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Hello,

Thanks in advance for answering my questions :)

The question is: What do we mean by "Proving an algorithm"?

I'm having a problem in where to start (if I want to use contradiction for example)...

Thanks again Abdallah

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closed as off topic by Andy Putman, Zev Chonoles, Felipe Voloch, Chris Godsil, quid Feb 12 '12 at 17:25

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You're asking this in the wrong place. Perhaps math.stackexchange –  Chris Godsil Feb 12 '12 at 17:21
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1 Answer 1

It means to prove

  • that the algorithm terminates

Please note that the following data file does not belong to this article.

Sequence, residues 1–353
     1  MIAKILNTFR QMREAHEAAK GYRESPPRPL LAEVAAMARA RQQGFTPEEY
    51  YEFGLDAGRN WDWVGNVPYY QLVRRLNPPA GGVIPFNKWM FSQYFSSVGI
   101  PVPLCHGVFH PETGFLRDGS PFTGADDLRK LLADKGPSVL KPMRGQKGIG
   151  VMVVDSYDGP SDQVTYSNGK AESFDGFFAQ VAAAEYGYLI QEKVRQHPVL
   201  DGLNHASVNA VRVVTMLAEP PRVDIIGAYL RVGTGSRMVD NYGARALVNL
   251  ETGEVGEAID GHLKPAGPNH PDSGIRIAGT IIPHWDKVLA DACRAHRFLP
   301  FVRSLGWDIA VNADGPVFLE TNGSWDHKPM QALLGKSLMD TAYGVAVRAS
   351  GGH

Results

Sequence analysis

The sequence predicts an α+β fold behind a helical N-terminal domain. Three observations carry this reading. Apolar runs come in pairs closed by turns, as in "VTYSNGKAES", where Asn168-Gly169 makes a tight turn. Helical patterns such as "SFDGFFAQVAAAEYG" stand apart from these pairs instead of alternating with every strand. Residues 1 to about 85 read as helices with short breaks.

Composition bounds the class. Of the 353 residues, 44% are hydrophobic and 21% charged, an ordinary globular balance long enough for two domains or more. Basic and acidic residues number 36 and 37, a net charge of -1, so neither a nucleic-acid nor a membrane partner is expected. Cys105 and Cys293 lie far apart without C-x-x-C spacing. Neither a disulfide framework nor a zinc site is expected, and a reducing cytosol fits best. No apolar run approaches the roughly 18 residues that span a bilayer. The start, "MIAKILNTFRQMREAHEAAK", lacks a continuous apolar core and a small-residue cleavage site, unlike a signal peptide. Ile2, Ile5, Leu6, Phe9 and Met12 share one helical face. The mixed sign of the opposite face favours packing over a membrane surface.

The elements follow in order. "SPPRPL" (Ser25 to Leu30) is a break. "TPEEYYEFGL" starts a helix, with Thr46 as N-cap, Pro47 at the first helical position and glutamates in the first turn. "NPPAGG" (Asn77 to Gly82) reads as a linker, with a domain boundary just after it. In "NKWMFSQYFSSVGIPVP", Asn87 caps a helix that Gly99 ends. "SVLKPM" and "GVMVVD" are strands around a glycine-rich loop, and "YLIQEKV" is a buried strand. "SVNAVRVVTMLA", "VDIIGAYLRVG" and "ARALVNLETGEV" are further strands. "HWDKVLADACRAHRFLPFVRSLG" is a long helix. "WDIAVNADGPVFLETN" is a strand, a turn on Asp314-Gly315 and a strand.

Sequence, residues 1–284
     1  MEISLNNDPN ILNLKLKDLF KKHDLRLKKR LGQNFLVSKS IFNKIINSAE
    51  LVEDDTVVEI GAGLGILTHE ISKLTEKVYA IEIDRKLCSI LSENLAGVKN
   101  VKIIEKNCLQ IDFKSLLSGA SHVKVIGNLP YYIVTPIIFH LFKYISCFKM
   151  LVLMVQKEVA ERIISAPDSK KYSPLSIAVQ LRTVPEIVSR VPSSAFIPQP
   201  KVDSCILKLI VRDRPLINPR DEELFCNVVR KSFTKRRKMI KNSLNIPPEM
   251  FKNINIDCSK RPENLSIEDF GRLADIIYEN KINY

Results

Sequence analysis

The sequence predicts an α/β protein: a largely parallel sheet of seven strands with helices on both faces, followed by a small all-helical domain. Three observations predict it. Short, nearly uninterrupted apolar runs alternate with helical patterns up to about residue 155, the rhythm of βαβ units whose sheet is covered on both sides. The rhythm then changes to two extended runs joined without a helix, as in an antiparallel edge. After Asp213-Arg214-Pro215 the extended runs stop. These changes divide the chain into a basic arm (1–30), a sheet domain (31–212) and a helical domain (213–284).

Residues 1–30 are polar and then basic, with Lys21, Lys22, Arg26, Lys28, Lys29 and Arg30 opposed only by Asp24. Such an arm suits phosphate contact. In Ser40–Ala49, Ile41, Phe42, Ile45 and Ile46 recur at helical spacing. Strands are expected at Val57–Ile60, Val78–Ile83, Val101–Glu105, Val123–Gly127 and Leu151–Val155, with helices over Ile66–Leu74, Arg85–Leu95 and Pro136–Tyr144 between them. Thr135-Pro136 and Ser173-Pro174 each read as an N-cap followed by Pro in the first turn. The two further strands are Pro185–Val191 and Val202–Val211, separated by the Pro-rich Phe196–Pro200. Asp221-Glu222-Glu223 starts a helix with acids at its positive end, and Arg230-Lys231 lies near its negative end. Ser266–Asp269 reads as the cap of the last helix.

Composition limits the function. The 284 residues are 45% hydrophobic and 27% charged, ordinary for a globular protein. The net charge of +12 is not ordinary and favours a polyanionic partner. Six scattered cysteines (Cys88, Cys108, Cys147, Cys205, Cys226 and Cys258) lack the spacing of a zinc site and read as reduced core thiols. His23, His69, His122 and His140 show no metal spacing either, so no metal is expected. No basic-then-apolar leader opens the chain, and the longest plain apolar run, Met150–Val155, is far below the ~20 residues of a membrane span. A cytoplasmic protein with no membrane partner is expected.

• that the answer given by the algorithm is correct

It is/seems sometimes obvious, but in general it isn’t.

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I agree with this answer in the case of more-or-less traditional algorithms, computing some function, which is almost surely what the OP meant. Nevertheless, it might be worthwhile to mention that other notions of proof are appropriate for other sorts of algorithms. For example, if the algorithm uses randomization, you might want to prove reasonable lower bounds for the probability of termination and/or correctness. If the "algorithm" is an operating system, you might want to prove that it doesn't terminate. –  Andreas Blass Feb 12 '12 at 22:56
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